"The biggest challenge," says Balachandran, "will be to convince advertisers to try other media." Which is another way of saying that advertisers love television. They will just have to get used to having a lot less of it.

A Note From the Editor

I can't remember when the television business last went through such an action-packed period. It began with the process of digitisation in the metros late last year. Then came the decision to increase the sampling for audience research by placing people meters in towns with a population of less than one lakh.

Soon after, broadcasters and ad agencies were in a spat about gross billing vs net billing. Next, major broadcasters pressured TAM to report their viewership data on a monthly basis rather than weekly, as is the case now: advertisers and their agencies are obviously unhappy.

Broadcasters have also raked up an old issue: they want the basis for buying ad time to move from Cost Per Rating Point to Cost Per Thousand. They believe that the existing system does not recognise the absolute increase in television's reach.

To me, it shows a new confidence among broadcasters. Advertising agencies in India have long been a part of the international networks (JWT came to India in 1929). That is why media buying has been consolidated. Television, as we know it, is just over two decades old and has been terribly fragmented. That's why it has been an unequal relationship between consolidated buyers and fragmented sellers.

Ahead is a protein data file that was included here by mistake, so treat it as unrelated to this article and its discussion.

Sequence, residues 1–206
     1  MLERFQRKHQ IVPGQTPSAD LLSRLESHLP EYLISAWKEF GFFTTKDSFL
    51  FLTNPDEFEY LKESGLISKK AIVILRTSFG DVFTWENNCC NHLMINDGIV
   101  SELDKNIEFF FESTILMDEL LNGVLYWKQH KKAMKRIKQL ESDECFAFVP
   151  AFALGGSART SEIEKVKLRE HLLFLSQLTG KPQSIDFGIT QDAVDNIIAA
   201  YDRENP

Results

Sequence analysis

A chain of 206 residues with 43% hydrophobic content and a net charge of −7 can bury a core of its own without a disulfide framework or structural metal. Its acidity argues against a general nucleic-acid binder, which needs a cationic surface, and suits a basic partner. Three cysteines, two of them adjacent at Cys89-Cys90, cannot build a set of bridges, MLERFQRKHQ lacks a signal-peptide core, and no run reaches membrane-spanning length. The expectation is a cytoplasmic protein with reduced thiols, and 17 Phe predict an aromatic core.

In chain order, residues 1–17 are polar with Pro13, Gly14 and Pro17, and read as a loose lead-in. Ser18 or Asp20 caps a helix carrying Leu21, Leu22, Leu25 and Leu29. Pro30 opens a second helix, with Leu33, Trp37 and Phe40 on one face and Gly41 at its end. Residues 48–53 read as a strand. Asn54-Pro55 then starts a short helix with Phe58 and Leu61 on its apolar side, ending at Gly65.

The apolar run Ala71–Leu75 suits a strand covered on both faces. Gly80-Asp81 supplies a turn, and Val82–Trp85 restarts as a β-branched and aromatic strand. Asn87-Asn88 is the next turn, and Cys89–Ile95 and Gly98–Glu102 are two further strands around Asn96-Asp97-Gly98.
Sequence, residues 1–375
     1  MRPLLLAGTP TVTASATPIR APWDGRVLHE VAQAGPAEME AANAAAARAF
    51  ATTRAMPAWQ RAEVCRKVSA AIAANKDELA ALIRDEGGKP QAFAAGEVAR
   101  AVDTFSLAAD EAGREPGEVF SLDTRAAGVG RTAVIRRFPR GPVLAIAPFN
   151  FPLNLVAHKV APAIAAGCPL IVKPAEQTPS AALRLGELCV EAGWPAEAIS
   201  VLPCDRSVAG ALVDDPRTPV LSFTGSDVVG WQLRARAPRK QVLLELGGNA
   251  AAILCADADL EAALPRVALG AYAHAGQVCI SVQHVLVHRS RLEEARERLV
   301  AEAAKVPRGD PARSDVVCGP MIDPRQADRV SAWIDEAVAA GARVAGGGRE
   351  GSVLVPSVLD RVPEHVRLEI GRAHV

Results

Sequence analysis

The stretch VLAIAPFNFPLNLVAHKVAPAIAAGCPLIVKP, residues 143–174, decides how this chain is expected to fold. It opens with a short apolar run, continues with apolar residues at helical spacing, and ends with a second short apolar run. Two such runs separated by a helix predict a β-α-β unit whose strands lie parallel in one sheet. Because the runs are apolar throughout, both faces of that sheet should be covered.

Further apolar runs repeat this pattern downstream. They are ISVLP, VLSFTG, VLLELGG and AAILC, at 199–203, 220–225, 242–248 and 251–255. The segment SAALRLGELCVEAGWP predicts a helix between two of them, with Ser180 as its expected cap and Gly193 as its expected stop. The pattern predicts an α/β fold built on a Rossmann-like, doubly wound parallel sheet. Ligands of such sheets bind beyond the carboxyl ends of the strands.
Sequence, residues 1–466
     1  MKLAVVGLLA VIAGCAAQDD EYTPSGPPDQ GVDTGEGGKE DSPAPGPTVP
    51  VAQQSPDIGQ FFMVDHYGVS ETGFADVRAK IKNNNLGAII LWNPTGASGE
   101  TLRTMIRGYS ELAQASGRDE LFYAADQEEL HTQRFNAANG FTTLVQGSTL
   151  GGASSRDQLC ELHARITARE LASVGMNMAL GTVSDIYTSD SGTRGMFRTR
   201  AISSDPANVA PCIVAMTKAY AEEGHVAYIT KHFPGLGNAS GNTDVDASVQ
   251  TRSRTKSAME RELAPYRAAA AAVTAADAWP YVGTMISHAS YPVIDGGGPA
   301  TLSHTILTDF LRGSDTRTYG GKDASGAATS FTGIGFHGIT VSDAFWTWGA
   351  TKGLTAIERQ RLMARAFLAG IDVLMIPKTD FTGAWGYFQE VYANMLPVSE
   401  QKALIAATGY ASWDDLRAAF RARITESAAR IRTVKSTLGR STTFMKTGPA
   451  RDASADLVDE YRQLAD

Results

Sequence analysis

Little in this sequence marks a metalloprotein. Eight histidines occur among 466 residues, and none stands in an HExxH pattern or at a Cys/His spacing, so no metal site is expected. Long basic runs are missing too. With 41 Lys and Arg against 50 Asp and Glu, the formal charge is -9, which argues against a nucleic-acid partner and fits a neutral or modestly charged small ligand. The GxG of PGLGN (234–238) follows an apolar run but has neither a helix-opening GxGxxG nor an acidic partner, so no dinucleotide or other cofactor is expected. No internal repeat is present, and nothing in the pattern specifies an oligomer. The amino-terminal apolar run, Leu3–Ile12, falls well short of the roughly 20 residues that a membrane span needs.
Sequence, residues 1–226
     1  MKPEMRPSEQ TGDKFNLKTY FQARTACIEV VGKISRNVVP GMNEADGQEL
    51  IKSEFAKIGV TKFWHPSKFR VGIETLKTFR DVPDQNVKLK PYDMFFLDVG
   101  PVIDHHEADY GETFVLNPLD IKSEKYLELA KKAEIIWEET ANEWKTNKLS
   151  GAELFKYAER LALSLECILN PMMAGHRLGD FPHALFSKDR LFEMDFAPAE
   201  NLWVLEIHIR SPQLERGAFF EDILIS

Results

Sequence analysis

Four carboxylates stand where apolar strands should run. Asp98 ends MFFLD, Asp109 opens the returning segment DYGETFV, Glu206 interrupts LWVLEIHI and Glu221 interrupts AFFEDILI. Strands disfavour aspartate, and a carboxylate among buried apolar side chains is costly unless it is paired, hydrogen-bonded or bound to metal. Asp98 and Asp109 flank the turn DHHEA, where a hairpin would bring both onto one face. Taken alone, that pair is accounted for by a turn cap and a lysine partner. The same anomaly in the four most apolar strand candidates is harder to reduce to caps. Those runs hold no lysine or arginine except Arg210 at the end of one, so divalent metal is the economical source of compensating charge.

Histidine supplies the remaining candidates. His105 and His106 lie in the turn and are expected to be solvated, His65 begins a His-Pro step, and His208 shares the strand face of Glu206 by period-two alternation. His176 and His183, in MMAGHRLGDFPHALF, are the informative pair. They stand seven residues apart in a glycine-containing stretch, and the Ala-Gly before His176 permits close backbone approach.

Broadcasters are now coming into their own. They are willing to confront their clients where they would have meekly backed off in the past. Just as a handful of media agencies control the vast bulk of organised ad buying, half a dozen broadcasting networks now reach the bulk of the TV viewing audience. It is a battle among equals.

The disappointing bit in all of this is the stakeholders' unwillingness to invest more in audience research. The business is getting larger and more complex but advertisers, their agencies and broadcasters are unwilling to spend more money on research. Advertisers spend Rs. 14,000 crore on television advertising annually but their media agencies pay TAM only Rs. 10-15 crore to research where this money goes. At least broadcasters cough up about four times as much. Advertisers themselves pay nothing at all.

Unhappy with TAM, the Broadcast Audience Research Council was set up in 2008. Five years later, a CEO has finally been appointed. It seems that everybody knows what is wrong with the way things are but nobody is in a hurry to fix them.